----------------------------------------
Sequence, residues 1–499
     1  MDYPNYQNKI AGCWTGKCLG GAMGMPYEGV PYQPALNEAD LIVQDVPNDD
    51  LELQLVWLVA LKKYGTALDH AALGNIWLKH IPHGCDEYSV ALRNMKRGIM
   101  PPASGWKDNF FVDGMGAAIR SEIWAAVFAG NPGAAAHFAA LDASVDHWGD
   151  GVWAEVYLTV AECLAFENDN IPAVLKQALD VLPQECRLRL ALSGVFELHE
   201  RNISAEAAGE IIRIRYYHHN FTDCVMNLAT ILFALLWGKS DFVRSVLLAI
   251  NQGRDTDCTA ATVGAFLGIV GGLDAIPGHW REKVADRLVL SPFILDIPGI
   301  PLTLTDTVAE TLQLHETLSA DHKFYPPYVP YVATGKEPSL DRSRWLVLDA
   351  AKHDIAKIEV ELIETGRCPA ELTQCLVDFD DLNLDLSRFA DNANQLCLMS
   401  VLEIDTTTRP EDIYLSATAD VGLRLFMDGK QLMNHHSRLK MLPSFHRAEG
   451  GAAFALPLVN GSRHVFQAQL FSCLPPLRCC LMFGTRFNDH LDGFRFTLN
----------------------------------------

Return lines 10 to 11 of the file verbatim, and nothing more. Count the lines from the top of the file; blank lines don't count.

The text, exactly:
   401  VLEIDTTTRP EDIYLSATAD VGLRLFMDGK QLMNHHSRLK MLPSFHRAEG
   451  GAAFALPLVN GSRHVFQAQL FSCLPPLRCC LMFGTRFNDH LDGFRFTLN